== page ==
Ume Blossoms Herald Spring At Depth Of Winter

Ume blossoms herald spring at depth of winterAs winter has progressed and gone past “risshun” (first day of spring on the lunar calendar), the cold should now be nothing more than “yokan” (a lingering cold).
But as usual, mid-February days are still bitterly cold.

Still, this is the time of the year when stirrings of life begin to emerge just as the temperature curve reaches its bottom.

When I was recently in Fukuoka Prefecture on business, I visited the fabled Dazaifu Tenmangu shrine and discovered that the ume trees had begun to put forth their blossoms.

Ume trees (Japanese apricot) come into blossom, braving the biting cold, without waiting for the warm weather of spring.

Ume trees are an appropriate symbol of the shrine, dedicated to Tenjin, the Shinto god of scholarship and the deification of Sugawara no Michizane (845-903), a scholar, poet and politician of the aristocratic Heian Period (794-1185).

Clusters of “ema” (votive wooden tablets) with prayers for the passage of university entrance exams written on them were seen hanging on display near ume trees.

In this column, I once wrote that praying to ume trees to pass an entrance exam and then celebrate the success in the exam with the standard phrase “The cherry trees have come into bloom” is unfair to ume.

Soon after that, I received a letter from a reader saying ume’s virtue is its self-effacement, which means not taking any credit.

In contrast to cherry blossoms, which are splendid and glamorous, ume blossoms can be best described with a Chinese character that is pronounced “rin” in Japanese and means “dignified” or “imposing.”

During the Nara Period (710-784), ume trees, which had come from China, were widely admired. Ume is the second most popular plant in "Manyoshu," the oldest existing collection of Japanese poetry, with the number of poems singing the praises of ume being second only to that of poems about "hagi" (Japanese bush clover).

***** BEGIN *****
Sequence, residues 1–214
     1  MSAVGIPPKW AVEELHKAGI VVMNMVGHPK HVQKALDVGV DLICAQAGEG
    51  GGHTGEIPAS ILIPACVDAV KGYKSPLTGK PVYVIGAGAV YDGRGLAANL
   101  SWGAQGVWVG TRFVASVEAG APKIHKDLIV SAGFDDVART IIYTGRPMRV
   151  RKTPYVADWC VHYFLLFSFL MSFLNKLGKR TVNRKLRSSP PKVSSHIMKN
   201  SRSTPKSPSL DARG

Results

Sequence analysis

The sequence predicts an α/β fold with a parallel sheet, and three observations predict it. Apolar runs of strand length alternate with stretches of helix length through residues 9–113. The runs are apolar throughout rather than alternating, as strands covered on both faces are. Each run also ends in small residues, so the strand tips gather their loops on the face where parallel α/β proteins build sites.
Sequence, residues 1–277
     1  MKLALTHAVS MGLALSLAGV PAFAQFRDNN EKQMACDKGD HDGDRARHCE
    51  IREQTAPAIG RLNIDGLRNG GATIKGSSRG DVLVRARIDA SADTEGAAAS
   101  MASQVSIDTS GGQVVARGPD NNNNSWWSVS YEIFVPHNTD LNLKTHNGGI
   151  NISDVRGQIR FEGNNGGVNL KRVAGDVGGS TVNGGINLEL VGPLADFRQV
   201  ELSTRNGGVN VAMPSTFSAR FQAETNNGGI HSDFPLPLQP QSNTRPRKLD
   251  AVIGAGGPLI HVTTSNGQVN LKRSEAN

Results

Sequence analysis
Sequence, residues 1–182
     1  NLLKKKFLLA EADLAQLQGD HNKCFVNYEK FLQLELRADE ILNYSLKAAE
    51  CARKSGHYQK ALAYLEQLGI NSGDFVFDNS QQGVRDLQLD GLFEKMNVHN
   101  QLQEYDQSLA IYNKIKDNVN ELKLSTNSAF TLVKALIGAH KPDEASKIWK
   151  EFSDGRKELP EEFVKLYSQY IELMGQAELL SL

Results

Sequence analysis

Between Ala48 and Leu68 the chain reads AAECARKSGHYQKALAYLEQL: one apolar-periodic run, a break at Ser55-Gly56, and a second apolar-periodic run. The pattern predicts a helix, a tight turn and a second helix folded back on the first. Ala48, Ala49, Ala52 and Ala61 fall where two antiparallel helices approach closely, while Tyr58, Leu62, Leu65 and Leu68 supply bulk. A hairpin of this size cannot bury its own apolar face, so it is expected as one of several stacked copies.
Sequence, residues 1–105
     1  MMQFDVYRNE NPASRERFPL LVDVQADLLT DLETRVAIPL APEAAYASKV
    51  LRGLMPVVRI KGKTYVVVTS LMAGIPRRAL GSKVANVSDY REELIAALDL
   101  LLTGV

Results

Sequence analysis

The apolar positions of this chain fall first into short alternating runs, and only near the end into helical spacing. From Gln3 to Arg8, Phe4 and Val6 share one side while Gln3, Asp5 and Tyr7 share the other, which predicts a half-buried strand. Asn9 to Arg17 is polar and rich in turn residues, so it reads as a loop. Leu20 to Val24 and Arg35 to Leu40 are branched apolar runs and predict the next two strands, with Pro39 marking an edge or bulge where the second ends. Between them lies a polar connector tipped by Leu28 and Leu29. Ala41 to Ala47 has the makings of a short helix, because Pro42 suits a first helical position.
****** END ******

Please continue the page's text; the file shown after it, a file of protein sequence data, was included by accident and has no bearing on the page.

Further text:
One of them was composed by Otomo no Tabito (665-731) while he stayed in Dazaifu as governor-general. It goes:

"The flowers of the ume tree/ Scatter in my garden/ Like a shower of snow/ From the heavens"

This beautiful poem compares falling ume blossoms to snowfall in a way that subtly suggests the transience of life.

Some 170 years after Tabito's poem was composed, Sugawara no Michizane was demoted from a high-ranking position at the Kyoto imperial court to a minor official post at Dazaifu in a famous historic episode.

There is a legend about Tenmangu’s beloved “tobiume” (flying ume). After Michizane left Kyoto to take the post in Dazaifu, the ume tree, which missed him so much, flew from Kyoto to reunite with him.

During my visit at the shrine, a group of students on a field trip were reading a plaque telling the legend of this tree.

People living in the northern parts of the nation and areas along the Sea of Japan would be better advised to brace themselves for a new wave of cold weather which, belying the term “lingering cold,” could bring heavy snow to the regions.

Looking at the threatening weather chart, I pondered the fact that, unlike in the warm area redolent of ume, spring is still far away in northern Japan. I prayed that students taking entrance exams might soon be able to celebrate their own successes in the warmth of spring.